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Ten-Point Stance: Mike Freeman's NFL Notebook Heading into the Super Bowl

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Ten-Point Stance: Mike Freeman's NFL Notebook Heading into the Super Bowl
Matt Slocum/AP Images

NEWARK, N.J. — 

1. Manning will retire if he wins

This, from Peyton Manning, when asked if this is his last game, sounds logical. It makes sense. It's smart:

"I know that there have been a number of players who have walked away as champions," Manning said. "I’m sure that it is a great feeling for those people. John Elway. Ray Lewis did it last year. And Michael Strahan. In talking to Ray Lewis, and talking to John Elway, they couldn’t play anymore. It was all they had to give. They truly left it all out there. I certainly had a career change two years ago with my injury and with changing teams. I’ve been truly on a one-year-at-a-time basis.

"So, I really have no plans beyond this game. I had no plans, coming into this season, beyond this year. I think that it is the healthy way to approach your career at this stage. I still enjoy playing football. I feel a little better than I thought I would at this point, coming off that surgery. I still enjoy the preparation part of it, the work part of it. Everybody enjoys the games. Everybody is going to be excited to play in a Super Bowl. When you still enjoy the preparation and the work part of it, I think you ought to be still doing that. I think as soon as I stop enjoying it, if I can’t produce, if I can’t help a team, that’s when I will stop playing. If that’s next year, then maybe it is. I certainly want to continue to keep playing."

Typical Manning: smart, measured, on point. It's also bull.

I don't believe it for a second, and I can tell you few people around the NFL believe it. Almost everyone thinks Manning is gone if he wins and plays well in the victory. In fact, many believe Manning is gone, win or lose.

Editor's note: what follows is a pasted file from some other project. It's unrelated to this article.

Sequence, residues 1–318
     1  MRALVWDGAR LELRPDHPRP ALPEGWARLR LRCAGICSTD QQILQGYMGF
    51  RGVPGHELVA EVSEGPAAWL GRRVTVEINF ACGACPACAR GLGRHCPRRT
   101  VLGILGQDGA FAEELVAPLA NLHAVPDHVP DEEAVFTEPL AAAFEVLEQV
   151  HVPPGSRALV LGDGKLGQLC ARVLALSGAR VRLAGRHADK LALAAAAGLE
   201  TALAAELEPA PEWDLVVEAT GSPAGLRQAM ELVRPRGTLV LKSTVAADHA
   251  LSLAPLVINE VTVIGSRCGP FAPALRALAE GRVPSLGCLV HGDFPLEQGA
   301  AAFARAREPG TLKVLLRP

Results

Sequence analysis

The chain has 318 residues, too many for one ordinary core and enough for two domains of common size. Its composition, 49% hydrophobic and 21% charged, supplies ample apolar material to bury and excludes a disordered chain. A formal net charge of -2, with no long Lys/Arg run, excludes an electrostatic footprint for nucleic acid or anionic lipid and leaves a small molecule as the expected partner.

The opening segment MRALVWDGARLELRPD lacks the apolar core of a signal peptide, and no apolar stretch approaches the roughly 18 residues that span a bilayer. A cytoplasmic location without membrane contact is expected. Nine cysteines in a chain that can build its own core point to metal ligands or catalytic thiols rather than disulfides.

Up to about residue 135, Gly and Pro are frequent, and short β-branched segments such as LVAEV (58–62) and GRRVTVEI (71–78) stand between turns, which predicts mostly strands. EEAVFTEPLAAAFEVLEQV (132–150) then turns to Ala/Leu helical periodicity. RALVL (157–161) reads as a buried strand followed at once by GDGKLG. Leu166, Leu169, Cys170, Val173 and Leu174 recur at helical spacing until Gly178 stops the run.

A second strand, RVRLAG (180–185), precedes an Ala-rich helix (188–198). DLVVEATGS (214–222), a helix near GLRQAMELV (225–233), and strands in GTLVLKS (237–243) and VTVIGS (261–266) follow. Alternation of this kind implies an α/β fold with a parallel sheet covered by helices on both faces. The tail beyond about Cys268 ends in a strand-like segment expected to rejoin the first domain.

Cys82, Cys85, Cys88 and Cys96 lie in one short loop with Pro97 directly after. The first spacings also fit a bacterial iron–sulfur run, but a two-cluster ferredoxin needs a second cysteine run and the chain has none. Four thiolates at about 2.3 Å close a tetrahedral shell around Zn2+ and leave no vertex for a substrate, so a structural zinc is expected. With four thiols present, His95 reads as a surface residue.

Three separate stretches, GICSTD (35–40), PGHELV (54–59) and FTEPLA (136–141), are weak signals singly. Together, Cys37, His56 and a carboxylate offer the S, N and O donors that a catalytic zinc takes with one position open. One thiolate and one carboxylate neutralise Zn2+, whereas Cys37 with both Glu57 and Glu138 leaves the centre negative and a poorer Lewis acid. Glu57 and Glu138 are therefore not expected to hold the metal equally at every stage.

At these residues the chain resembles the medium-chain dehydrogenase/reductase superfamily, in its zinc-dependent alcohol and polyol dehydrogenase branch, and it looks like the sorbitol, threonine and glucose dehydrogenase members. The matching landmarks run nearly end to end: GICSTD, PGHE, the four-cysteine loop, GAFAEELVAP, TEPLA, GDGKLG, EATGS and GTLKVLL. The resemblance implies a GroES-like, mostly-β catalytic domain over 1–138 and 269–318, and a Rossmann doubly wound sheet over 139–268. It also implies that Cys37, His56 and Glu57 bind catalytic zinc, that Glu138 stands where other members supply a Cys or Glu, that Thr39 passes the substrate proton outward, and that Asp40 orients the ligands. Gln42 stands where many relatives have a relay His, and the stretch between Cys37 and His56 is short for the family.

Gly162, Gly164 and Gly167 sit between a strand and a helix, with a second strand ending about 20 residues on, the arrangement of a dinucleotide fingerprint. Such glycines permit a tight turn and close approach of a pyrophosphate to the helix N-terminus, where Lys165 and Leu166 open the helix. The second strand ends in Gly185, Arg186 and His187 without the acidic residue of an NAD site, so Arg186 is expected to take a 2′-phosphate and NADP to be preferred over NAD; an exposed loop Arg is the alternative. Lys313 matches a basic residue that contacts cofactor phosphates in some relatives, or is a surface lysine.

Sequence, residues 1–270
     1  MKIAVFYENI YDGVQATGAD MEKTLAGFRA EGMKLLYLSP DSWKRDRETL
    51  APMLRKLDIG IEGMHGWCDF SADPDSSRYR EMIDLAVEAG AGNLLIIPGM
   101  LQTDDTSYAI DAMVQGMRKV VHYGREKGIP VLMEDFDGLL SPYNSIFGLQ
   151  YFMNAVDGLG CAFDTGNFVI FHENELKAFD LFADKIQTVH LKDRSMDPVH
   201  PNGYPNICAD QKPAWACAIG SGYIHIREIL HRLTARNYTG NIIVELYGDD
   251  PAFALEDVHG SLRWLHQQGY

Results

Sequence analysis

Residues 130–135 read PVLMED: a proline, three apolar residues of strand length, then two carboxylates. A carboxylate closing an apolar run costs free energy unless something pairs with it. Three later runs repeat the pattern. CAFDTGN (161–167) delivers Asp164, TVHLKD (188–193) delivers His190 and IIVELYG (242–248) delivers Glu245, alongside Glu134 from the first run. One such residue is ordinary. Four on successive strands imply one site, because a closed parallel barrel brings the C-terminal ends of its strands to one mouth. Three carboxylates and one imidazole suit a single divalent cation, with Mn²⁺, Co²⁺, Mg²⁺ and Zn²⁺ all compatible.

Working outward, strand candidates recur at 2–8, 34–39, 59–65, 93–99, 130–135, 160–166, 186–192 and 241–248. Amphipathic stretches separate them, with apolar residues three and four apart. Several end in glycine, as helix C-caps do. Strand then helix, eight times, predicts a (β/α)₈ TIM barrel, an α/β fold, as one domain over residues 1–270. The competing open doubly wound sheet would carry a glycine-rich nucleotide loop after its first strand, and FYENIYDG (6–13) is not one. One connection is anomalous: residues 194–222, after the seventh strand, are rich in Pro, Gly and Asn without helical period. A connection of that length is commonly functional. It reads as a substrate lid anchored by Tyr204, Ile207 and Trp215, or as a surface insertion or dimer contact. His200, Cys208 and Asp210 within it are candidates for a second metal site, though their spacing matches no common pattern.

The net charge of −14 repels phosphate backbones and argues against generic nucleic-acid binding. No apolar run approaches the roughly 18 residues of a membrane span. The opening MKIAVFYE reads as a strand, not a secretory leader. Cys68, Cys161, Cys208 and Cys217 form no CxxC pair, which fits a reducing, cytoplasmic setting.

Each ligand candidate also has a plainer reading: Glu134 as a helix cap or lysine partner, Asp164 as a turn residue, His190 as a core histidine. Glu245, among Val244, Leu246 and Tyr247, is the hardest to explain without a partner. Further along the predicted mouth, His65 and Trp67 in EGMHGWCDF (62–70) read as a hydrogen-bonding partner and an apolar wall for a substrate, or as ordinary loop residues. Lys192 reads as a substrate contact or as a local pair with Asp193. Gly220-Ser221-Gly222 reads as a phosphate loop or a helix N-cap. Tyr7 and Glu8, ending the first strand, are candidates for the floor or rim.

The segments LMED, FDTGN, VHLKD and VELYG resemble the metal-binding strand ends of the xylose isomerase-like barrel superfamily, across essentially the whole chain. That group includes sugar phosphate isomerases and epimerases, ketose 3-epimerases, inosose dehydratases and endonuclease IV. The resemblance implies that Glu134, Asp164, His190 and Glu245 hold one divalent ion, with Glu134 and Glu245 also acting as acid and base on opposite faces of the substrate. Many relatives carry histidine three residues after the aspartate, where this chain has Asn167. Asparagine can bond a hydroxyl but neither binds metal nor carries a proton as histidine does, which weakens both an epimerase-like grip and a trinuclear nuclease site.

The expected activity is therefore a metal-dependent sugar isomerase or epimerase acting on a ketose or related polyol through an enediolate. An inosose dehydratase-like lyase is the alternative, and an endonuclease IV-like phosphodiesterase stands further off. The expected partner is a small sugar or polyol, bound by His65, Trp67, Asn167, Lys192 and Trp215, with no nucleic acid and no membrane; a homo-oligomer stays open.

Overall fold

The belief around football is that Manning is saying he hasn't made up his mind because he doesn't want to be the story of Super Bowl week. Imagine the pressure on the Broncos if Manning came out and said, "Yeah, I'm gone after this, dude. See ya." It would be one of the biggest stories in Super Bowl history. Manning is a lot smarter than that. 

Manning, maybe more than any other player I've interviewed (with the possible exception of Jim Brown), understands history. He understands the optics of how things look. He knows how hard it is to reach a Super Bowl and that the odds of reaching consecutive Super Bowls are even higher.

Optics and history—Manning gets both. If he wins this Super Bowl, it's likely a significant number of media and others will say he's the best ever (I think it's John Elway or Tom Brady, but I digress). He'd go out on a super high. It would be almost impossible to duplicate.

If he loses, there will still be people who will give him massive credit for just getting here. Again, hard to top.

Come back for one more season, and that's more risk on a body that will be 38 years old in March. With no guarantee that he would get back to the Super Bowl. If he did come back and somehow got hurt or didn't make the Super Bowl or even the playoffs (not unprecedented), his legacy would take a hit.

Again, I think Manning has thought all of this through. I think he's already weighed all of the factors and this offseason's medical exam that reportedly is a determining factor isn't one.

I think Manning is gone. I think the decision has already been made.

Win or lose, he rides off into the sunset. On a bronco. As a Bronco.

 

Elaine Thompson/Associated Press

2. Players love watching Manning, too

I've heard opposing players from around the NFL talk about Manning like he's some sort of god. In private. To me alone. Then, when asked about him publicly, they give a vanilla quotation, so as not to appear as if they wouldn't smash him if they got the chance.

This quote from Seattle's Michael Bennett was different.

"Peyton Manning, he's one of the best quarterbacks," Bennett said. "I’m lucky to be in my generation, watching him play. There’s no better quarterback in this generation. The completions he’s made, the touchdowns he’s thrown—I’m a fan of him, just like anybody else in the NFL, and he’s one of the greatest quarterbacks of all time."

 

3. John Elway's influence

I've written about John Elway's influence as a leader of the Broncos in his role as vice president of football operations. His preseason tirade to his team, as reported by Fox's Mike Garafolo, only solidifies my thinking. There are few general managers in football who could pull off a speech like that. Elway could because he was a former player—a great, elite player. The Broncos knew he had the credibility to give such a speech, and Elway knew it was needed. Another reason he's been so impressive as an executive.

 

4. Seahawks won't be partying?

This, from a Seattle player: "I can tell you most of us are not here to party. I can't speak for the whole team but most of us. No strippers for us. No craziness. No parties. No staying out late. This is a business trip for us. No sex for me the entire week. That's how serious I am."